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Thursday, July 31, 2008

The Experiences of Women Who Have Had Abortions

Dakota Voice is reviewing the Report of the South Dakota Task Force to Study Abortion, in light of the upcoming November vote on Initiated Measure 11 to end most abortions in South Dakota.

Pertinent sections of the report will be reviewed each week for the next several weeks which may shed light on Initiated Measure 11.

First week: The Incorrect Assumptions of the Roe v. Wade Decision

Second Week: What Has Been Learned From the Practice of Abortion Since the Roe v. Wade

Last Week: The Current Practice of Abortion in South Dakota

The following is from Section II.A.5 on the findings of the report:

We received and reviewed the testimony of more than 1,940 women who have had abortions. This stunning and heart-wrenching testimony reveals that there are common experiences with abortions. Women were not told the truth about abortion, were misled into thinking that nothing but "tissue" was being removed, and relate that they would not have had an abortion if they were told the truth.

They relate that they were coerced into having the abortion by the father of the child or a parent, and that the abortion clinics also apply pressure to have the abortion. They almost uniformly express anger toward the abortion providers, their baby's father, or society in general, which promote abortion as a great right, the exercise of which is good for women. They almost invariably state that they were encouraged to have an abortion by the mere fact that it was legal.

They are stunned by their grief and the negative impact it has had on their lives. Many of these women are angered by grief at the loss of a child they were told never existed. One woman testified before the Task Force about three abortions she was misled into having, only to find that she was rendered infertile by the vacuum aspiration that damaged her fallopian tubes. She was distraught at having to explain to her new husband why they could never have children. Each of these women's stories is powerful.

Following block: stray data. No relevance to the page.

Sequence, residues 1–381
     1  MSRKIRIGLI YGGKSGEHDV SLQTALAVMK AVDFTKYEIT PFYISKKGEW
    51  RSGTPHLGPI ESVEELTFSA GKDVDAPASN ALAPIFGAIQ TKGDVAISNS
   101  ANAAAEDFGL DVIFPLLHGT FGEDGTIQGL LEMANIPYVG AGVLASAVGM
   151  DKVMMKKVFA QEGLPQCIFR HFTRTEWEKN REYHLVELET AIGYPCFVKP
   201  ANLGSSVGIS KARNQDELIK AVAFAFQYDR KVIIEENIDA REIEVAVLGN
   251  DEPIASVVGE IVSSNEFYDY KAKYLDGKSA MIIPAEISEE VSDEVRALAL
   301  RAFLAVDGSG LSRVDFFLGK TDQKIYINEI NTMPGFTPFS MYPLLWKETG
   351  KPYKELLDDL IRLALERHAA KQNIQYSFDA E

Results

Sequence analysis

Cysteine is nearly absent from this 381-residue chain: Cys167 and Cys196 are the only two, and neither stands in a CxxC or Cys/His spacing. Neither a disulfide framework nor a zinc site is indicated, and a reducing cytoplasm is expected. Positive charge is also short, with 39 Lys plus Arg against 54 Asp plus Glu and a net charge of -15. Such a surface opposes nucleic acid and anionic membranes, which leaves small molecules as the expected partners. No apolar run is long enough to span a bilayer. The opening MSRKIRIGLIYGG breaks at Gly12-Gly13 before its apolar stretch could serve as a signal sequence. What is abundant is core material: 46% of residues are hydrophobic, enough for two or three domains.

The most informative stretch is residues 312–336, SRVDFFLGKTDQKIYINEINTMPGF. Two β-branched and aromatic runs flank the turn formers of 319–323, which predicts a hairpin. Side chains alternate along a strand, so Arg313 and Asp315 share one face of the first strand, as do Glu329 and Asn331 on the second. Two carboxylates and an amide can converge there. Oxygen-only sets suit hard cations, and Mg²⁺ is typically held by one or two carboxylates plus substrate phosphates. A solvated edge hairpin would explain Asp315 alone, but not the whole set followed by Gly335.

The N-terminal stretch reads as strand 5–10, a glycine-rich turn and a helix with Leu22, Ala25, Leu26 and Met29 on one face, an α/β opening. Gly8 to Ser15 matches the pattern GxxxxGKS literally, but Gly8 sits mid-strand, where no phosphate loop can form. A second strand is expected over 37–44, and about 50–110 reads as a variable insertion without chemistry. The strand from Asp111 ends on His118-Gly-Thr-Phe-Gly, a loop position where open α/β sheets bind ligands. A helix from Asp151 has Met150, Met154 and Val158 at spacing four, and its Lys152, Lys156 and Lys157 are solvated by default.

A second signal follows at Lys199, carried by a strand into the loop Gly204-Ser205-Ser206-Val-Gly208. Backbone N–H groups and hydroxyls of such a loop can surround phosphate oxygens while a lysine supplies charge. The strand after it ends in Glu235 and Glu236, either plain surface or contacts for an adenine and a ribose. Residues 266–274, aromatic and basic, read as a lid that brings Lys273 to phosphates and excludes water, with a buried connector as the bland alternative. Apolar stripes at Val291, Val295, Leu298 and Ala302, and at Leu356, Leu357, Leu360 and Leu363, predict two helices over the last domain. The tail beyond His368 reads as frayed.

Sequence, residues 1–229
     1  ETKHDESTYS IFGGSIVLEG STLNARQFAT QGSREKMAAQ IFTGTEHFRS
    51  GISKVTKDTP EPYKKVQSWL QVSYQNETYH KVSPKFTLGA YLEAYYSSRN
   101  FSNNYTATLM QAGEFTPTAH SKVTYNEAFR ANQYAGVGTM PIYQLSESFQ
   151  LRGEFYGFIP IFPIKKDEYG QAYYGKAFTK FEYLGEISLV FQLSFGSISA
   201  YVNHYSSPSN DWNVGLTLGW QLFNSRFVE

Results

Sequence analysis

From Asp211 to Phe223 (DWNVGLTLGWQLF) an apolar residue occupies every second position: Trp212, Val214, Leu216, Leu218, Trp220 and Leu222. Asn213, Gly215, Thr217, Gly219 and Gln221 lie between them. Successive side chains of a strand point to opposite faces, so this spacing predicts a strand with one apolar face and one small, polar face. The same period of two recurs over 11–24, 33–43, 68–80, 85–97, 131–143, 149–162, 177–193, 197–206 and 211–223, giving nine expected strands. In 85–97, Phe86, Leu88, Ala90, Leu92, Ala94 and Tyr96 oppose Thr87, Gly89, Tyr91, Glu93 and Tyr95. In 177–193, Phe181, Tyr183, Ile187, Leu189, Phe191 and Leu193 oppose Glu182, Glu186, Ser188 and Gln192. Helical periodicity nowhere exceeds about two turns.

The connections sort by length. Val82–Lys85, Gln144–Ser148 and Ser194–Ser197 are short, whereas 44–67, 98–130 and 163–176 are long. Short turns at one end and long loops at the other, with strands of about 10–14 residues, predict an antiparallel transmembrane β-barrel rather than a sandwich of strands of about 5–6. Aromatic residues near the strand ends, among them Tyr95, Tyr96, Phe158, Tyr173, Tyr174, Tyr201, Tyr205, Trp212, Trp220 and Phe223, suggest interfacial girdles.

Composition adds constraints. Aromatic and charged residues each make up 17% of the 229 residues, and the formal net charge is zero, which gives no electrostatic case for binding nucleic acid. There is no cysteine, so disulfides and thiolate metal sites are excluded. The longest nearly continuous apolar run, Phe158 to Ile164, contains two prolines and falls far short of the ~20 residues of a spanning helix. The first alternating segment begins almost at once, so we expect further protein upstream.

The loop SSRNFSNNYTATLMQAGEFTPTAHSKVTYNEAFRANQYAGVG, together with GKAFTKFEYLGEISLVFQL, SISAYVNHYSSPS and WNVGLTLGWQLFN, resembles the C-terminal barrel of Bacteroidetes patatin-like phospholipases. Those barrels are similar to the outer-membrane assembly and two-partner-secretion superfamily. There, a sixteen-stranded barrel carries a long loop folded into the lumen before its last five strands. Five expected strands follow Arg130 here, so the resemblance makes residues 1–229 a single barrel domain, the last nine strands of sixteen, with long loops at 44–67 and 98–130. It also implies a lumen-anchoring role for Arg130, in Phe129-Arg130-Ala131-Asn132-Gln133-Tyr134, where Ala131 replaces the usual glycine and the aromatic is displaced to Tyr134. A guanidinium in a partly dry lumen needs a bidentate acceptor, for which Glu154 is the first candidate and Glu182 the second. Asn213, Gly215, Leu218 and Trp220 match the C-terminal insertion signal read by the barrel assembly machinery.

The overwhelming majority of women testified that they would never have considered an abortion if it were not legal. Their testimony revealed that they feel that the legalization of abortion simply gave a license to others to pressure them into a decision they otherwise would not have made. Most of the women stated that abortion should not be legal.

Ms. Linda Schlueter, Vice President and Senior Staff Attorney of The Justice Foundation, testified that it is particularly significant that both of the plaintiffs in the landmark abortion cases, Roe v. Wade and Doe v. Bolton, have sought to have the courts overturn the decisions because it is now so clear how abortion violates the rights, interests, and health of women. Norma McCorvey, Jane Roe in Roe v. Wade, believed that an abortion would help her, but she was never told about any physical, emotional, or psychological consequences. She actually never had an abortion herself, but her work in several abortion clinics caused her to see the truth. Sandra Cano, Doe in Doe v. Bolton, subsequently told the court that she never even wanted an abortion and her case was a fraud.

A year ago, Judge Edith Jones of the U.S. Court of Appeals for the Fifth Circuit, often mentioned as a candidate for the U.S. Supreme Court, wrote a published opinion in which she referred to the evidence provided by Ms. McCorvey in the Roe case, including the sworn affidavits submitted to this Task Force. Judge Jones stated that this evidence provided new and fresh information never before considered by the U.S. Supreme Court.